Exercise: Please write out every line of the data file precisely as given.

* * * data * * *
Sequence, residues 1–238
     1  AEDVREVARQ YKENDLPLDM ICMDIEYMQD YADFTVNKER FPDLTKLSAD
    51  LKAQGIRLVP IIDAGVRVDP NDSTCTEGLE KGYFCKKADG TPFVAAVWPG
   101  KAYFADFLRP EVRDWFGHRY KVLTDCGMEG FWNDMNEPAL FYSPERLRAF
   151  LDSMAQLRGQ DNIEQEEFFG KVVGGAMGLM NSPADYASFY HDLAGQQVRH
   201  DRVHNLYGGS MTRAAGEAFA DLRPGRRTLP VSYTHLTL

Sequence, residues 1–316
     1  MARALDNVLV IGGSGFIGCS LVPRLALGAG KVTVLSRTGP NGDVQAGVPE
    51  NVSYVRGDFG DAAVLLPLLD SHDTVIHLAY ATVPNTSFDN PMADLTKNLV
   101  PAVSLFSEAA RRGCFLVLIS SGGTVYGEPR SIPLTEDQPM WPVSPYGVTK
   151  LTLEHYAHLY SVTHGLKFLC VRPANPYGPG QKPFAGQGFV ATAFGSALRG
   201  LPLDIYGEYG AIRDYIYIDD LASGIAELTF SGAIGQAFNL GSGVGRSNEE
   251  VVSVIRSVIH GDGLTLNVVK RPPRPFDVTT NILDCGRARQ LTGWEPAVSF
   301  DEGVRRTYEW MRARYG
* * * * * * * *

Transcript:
Sequence, residues 1–238
     1  AEDVREVARQ YKENDLPLDM ICMDIEYMQD YADFTVNKER FPDLTKLSAD
    51  LKAQGIRLVP IIDAGVRVDP NDSTCTEGLE KGYFCKKADG TPFVAAVWPG
   101  KAYFADFLRP EVRDWFGHRY KVLTDCGMEG FWNDMNEPAL FYSPERLRAF
   151  LDSMAQLRGQ DNIEQEEFFG KVVGGAMGLM NSPADYASFY HDLAGQQVRH
   201  DRVHNLYGGS MTRAAGEAFA DLRPGRRTLP VSYTHLTL

Sequence, residues 1–316
     1  MARALDNVLV IGGSGFIGCS LVPRLALGAG KVTVLSRTGP NGDVQAGVPE
    51  NVSYVRGDFG DAAVLLPLLD SHDTVIHLAY ATVPNTSFDN PMADLTKNLV
   101  PAVSLFSEAA RRGCFLVLIS SGGTVYGEPR SIPLTEDQPM WPVSPYGVTK
   151  LTLEHYAHLY SVTHGLKFLC VRPANPYGPG QKPFAGQGFV ATAFGSALRG
   201  LPLDIYGEYG AIRDYIYIDD LASGIAELTF SGAIGQAFNL GSGVGRSNEE
   251  VVSVIRSVIH GDGLTLNVVK RPPRPFDVTT NILDCGRARQ LTGWEPAVSF
   301  DEGVRRTYEW MRARYG